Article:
Standing Firm

Matt Foreman, the head of the National Gay and Lesbian Task Force, and dozens of prominent leaders in the queer community are right.

This is no time for the lesbian, gay, bisexual and transgender (LGBT) community to pull back in its struggle for equal rights.

Foreman and his allies made their views known in a letter dated December 9 that was sent to every member of Congress and is published in full on page 12 of this issue.

The immediate impetus for the letter was obviously a front-page story in The New York Times the same day reporting that the Human Rights Campaign (HRC) had looked to the election results and was prepared to trim its sails on the fight for same-sex marriage recognition. The story also included the curious suggestion that HRC might be willing to throw its support behind Pres. George W. Bush’s effort to privatize Social Security in return for the administration’s agreement to include gay and lesbian partners in the program.

The Times story unleashed a series of clarifications and refutations from HRC arguing that their views were not appropriately conveyed in the story. Several days later, a story in the Boston Globe reported that a prominent Democrat in Massachusetts said that Cheryl Jacques, the former Massachusetts state senator who resigned her post as head of HRC just one year after arriving, was forced out because she insisted on focusing on the same-sex marriage drive. That report, too, elicited denials from HRC.

I, for one, am willing to give HRC the benefit of the doubt on this one. The organization is experiencing a moment of institutional stress, as it looks to find a new executive director. Like all activists, HRC’s professionals were undoubtedly stung by the results of the November 2 elections. Temporarily without a top dog, the group perhaps lacked discipline in communicating its reaction to the harsh post-election environment.

HRC has some of the very best activists in the movement and we can only hope that those individuals recognize that the organization must stand with the gay rights movement’s other major leaders in continuing to advance the ball aggressively.

It may well also be true that The New York Times, in its goal of putting its imprimatur on an analysis of how the election effected one distinct constituent group, was willing to aggregate a number of disparate comments from HRC staff into an overarching theme of retrenchment.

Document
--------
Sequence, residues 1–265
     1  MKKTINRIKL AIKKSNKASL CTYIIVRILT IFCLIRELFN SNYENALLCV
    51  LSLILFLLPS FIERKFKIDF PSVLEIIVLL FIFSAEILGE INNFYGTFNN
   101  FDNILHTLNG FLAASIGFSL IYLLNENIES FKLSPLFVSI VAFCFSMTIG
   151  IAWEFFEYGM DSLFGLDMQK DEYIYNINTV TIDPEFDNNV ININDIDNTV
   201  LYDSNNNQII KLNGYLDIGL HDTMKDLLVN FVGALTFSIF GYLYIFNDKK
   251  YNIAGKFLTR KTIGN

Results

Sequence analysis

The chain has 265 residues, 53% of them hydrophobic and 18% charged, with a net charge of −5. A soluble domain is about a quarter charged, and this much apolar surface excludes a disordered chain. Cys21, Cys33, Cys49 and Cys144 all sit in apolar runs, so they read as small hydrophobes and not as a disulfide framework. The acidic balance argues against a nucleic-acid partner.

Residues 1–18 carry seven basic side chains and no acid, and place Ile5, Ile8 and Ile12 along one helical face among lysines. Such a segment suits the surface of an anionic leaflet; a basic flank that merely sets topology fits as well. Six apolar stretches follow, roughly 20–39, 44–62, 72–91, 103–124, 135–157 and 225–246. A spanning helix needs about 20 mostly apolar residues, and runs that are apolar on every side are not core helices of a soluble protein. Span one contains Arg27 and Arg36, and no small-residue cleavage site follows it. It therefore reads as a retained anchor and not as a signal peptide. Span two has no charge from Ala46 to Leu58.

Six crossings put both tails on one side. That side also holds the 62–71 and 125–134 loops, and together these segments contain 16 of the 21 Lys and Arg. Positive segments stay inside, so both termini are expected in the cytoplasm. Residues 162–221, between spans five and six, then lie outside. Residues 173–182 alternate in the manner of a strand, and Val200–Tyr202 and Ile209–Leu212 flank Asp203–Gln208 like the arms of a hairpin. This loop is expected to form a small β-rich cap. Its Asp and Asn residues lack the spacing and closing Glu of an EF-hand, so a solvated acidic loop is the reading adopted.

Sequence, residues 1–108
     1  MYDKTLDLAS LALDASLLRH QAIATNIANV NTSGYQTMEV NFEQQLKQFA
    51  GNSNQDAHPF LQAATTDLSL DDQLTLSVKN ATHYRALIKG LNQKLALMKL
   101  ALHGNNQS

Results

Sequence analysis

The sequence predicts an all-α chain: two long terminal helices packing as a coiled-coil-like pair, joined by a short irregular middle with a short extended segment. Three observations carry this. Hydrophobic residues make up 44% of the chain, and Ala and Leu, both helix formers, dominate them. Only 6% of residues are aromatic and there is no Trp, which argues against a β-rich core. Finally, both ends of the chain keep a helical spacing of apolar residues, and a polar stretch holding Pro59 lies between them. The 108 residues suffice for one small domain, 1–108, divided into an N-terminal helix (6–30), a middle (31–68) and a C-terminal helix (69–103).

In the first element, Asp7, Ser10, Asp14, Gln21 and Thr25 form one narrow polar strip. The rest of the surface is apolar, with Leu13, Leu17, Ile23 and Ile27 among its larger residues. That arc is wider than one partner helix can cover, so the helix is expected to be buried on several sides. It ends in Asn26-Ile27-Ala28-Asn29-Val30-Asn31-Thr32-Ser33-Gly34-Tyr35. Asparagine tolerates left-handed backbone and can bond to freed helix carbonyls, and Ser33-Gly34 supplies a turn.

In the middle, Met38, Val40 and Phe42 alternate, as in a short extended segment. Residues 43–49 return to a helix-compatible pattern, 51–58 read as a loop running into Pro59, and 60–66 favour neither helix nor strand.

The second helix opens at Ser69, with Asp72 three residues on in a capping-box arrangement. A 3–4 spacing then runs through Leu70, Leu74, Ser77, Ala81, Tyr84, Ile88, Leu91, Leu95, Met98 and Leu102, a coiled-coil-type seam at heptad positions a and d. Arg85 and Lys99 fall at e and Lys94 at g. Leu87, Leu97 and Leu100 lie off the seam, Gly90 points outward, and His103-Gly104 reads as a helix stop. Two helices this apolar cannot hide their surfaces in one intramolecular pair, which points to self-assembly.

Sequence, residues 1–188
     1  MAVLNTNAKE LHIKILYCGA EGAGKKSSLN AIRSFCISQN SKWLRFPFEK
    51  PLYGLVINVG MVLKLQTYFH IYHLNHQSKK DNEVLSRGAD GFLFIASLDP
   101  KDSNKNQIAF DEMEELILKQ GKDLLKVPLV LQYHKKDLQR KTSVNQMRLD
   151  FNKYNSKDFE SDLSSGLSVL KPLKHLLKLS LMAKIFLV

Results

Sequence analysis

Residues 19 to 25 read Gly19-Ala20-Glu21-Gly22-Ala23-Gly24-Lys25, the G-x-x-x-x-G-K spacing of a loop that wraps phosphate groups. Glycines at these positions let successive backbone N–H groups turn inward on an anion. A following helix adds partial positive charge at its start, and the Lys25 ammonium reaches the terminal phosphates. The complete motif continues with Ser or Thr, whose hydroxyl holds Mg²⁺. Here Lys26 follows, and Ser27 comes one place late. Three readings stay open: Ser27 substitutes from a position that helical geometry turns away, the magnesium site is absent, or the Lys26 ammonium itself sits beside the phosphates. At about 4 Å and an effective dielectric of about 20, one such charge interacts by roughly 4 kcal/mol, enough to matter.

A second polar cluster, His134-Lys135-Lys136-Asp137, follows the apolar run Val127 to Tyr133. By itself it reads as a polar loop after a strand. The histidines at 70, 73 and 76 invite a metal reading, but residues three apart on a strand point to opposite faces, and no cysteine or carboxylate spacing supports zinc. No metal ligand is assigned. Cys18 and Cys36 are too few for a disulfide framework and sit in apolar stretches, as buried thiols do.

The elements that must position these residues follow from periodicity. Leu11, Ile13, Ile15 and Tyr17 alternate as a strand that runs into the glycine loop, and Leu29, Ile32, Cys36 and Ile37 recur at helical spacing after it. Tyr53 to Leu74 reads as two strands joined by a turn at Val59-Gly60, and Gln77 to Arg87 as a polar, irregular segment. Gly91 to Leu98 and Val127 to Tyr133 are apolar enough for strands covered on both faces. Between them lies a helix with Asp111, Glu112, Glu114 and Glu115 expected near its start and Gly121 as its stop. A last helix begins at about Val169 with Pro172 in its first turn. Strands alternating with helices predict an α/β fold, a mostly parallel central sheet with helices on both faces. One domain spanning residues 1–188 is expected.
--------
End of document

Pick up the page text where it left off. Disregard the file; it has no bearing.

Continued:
Interestingly, a November 12 piece in The Times on the reaction of gay legal rights groups to the election framed its reporting to suggest that leading advocate attorneys were pulling back from raising the marriage issue in the federal courts, when in fact groups such as Lambda Legal, the American Civil Liberties Union and the Gay and Lesbian Advocates and Defenders have always premised their litigation strategy on winning marriage rights under state constitutional protections.

Post-election coverage will always strive to capture the zeitgeist ushered in by voters’ decisions and since November 2 we have been treated to all manner of big picture postulations about what Bush’s re-election really meant.

The conventional wisdom that emerged the evening of November 2—as pundits scrambled to recover from wildly inaccurate exit polls that predicted a Kerry sweep and happened upon a statistic suggesting that “moral values” played a crucial role—is an important backdrop for the letter Foreman and his allies penned.

As the dust has settled on the immediate post-election flurry about moral values, a good deal of critical analysis has emerged suggesting that the statistical and analytical bases of that perspective are seriously flawed. Bush won because in spite of all the doubts Americans have about the war in Iraq, a majority of voters in the wake of 9/11 were unwilling to change horses.

By no means are Americans ready to embrace same-sex marriage, but it is encouraging that more than 60 percent support either marriage or civil unions for gay couples. And greater support among younger voters predicts continued gains. That is extraordinary progress in just a few years.

The Christian right wins to the extent that politicians, especially leaders in the Democratic Party, accept in uncritical fashion the moral values explanation of Bush’s victory.

Led by the Task Force’s Foreman, leaders of the queer community issued just the right message on December 9.

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